“What is true of government as a whole is also true of particular programs. Social Security and Medicare are government programs; they cannot go bankrupt, and they cannot fail to meet their obligations unless Congress decides–say on the recommendation of the Simpson-Bowles Commission–to cut the benefits they provide. The exercise of linking future benefits and projected payroll tax revenues is an accounting farce, done for political reasons. That farce was started by FDR as a way of protecting Social Security from cuts. But it has become a way of creating needless anxiety about these programs and of precluding sensible reforms, like expanding Medicare to those 55 and older, or even to the whole population.”
— James K. Galbraith In Defense of Deficits March 4, 2010
1/n There are 3 separate issues regarding ability to provide SS/Medicare in future years–financial ability to pay, legal authority to pay, & productive capacity to provide increasing standard of living to future workers & non-workers.
— Scott Fullwiler (@stf18) Link to complete thread
Your periodic reminder that Robert Eisner published the single most important article on #SocialSecurity in the Journal of Post Keynesian Economics, Vol. 21, No. 1 (Autumn, 1998), pp. 77-92. pic.twitter.com/YJE8djmVP3
— Stephanie Kelton (@StephanieKelton) January 22, 2020
The economics of #MedicareForAll: will work like a tax cut for 95% of Americans, intermediaries are cut out, we will spend less as a society on health care while increasing coverage for all Americans.
— David Westin on “Bloomberg: Balance of Power.” (@DavidWestin) Bloomberg TVTop Nancy Pelosi Aide Privately Tells Insurance Executives Not to Worry About Democrats Pushing “Medicare for All”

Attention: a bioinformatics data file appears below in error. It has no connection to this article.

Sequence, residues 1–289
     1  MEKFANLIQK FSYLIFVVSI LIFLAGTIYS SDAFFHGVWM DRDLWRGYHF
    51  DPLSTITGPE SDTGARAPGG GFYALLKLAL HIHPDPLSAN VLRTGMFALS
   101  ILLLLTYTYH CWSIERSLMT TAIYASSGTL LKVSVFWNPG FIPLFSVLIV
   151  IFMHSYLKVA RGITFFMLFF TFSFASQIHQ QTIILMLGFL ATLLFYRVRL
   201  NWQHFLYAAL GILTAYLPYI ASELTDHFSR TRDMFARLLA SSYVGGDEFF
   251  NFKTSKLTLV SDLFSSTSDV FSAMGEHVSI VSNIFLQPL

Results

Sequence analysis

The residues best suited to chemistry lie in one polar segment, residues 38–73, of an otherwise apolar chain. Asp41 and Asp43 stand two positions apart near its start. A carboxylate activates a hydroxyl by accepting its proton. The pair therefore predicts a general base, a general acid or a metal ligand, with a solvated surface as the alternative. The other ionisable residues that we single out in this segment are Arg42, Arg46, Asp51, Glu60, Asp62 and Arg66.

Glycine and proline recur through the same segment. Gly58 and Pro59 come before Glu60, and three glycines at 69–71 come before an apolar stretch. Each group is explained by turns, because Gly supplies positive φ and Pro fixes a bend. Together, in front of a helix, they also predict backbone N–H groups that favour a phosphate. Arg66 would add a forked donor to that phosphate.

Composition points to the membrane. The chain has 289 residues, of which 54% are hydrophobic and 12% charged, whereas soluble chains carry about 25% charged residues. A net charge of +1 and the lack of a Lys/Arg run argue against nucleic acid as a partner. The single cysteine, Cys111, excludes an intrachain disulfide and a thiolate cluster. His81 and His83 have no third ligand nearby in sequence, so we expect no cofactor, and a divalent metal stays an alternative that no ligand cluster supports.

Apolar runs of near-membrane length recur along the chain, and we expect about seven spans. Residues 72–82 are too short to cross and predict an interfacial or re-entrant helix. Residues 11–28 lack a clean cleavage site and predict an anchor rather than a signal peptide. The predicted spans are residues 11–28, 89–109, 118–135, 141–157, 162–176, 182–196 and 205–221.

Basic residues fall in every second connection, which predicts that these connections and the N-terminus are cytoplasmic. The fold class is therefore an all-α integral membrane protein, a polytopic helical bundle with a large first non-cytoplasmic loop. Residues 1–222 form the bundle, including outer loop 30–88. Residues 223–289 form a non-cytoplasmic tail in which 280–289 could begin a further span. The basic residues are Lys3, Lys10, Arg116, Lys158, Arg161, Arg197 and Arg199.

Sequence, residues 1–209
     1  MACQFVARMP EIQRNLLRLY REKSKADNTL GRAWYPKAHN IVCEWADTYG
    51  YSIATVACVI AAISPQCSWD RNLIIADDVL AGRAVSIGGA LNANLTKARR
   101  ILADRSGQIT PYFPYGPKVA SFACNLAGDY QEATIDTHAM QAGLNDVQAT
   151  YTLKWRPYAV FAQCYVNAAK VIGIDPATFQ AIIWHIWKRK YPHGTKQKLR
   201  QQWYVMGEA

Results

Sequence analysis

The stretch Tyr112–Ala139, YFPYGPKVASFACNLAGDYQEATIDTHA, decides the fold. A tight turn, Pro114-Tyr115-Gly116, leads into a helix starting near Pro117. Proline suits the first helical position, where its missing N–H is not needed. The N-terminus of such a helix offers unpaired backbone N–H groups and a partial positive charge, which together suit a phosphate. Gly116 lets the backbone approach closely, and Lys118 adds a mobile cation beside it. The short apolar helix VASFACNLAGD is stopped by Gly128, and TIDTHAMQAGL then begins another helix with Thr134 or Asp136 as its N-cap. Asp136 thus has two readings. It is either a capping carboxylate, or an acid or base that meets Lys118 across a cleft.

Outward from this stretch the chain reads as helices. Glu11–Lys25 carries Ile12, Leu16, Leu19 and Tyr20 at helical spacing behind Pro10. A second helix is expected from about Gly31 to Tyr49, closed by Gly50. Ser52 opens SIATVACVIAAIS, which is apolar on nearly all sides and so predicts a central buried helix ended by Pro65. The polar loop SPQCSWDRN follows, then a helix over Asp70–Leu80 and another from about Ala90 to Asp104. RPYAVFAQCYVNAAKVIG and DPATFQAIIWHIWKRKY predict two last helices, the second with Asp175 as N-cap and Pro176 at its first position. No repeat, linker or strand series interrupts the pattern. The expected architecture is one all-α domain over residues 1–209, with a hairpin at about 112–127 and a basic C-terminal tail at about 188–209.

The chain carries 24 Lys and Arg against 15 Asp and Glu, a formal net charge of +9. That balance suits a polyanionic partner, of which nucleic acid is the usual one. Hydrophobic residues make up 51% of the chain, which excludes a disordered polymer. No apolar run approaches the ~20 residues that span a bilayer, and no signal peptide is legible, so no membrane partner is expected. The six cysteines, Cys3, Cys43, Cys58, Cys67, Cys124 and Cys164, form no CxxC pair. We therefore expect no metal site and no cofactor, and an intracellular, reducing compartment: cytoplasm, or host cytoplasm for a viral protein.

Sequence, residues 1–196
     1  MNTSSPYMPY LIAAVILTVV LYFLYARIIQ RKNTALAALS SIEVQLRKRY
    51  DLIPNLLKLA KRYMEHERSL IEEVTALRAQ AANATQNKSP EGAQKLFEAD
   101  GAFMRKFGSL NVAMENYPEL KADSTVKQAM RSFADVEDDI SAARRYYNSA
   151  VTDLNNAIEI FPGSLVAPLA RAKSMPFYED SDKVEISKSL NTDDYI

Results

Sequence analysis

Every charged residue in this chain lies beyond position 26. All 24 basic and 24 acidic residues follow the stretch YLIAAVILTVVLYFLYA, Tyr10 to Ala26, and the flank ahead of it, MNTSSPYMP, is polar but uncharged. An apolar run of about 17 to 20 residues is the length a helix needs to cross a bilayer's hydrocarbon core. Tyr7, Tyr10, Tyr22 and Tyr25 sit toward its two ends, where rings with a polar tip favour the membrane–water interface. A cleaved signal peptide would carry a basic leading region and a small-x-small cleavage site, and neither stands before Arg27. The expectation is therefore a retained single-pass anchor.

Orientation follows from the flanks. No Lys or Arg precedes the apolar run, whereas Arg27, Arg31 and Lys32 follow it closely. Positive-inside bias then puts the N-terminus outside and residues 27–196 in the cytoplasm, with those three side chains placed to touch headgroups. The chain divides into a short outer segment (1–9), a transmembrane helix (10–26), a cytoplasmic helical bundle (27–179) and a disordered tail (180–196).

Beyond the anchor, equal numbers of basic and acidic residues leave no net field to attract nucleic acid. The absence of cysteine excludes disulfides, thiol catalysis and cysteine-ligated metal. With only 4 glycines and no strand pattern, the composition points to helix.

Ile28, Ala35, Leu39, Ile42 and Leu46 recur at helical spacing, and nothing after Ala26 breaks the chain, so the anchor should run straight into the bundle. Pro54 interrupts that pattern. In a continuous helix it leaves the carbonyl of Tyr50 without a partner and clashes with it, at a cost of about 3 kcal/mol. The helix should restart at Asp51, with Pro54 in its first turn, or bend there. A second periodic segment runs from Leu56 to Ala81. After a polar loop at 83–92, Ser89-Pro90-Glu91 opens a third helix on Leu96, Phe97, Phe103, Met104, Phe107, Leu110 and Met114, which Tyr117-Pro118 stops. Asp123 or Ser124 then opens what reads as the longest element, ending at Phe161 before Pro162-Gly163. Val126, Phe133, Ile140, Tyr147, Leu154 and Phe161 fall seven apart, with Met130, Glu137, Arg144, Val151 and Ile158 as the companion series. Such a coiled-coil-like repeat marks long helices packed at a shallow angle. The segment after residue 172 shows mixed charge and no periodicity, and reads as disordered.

— Ryan Grim (@RyanGrim), Intercept @TheInterccept, Feb 5, 2019
Here‘s Stephanie Kelton using a Twitter thread to unpack the relationship between Social Security, Medicare and payroll taxes. Along the way, she quotes Franklin Delano Roosevelt, Dec 13, 2018
Medicare for All Is Even Better Than You Thought • Previous estimates suggested that Medicare for All would save $2 trillion. But it’s even better: a new study finds that Bernie Sanders’s bill would save $5.1 trillion — while providing universal, comprehensive coverage.
— Tim Higginbotham Jacobin (@JacobinMag), Dec 3, 2018
Economic Analysis of Medicare for All
— Robert Pollin, James Heintz, Peter Arno, Jeannette Wicks-Lim, Michael Ash Political Economy Research Institute (@PERIatUMass), Nov 30, 2018
How much would universal health care really cost?
— Cory Doctorow (@doctorow), BoingBoing, Aug 21, 2018
“But How Will We Pay for It?”: Modern Monetary Theory and Democratic Socialism”
— Alexander Kolokotronis, (@AVK48) Sean Keith (@sean_keith) Truthout, Jan 2, 2018
Citations Needed • Episode 11: The Deficits Racket Part I — Single Payer Propaganda War
— Nima Shirazi (@wideasleepnima), Adam Johnson (@adamjohnsonNYC), Stephanie Kelton (@StephanieKelton), Citations Needed Sept 27, 2017 (1:03:00)
Marshall Auerback and L. Randall Wray: America Needs Healthcare, Not Health Insurance
Marshall Auerback (@Mauerback), Randy Wray Naked Capitalism, April 1, 2012
Why Health Care Matters and the Current Debt Does Not
— Brett W. Fawley, Luciana Juvenal, Federal Reserve Bank of St. Louis (@stlouisfed), Oct, 2011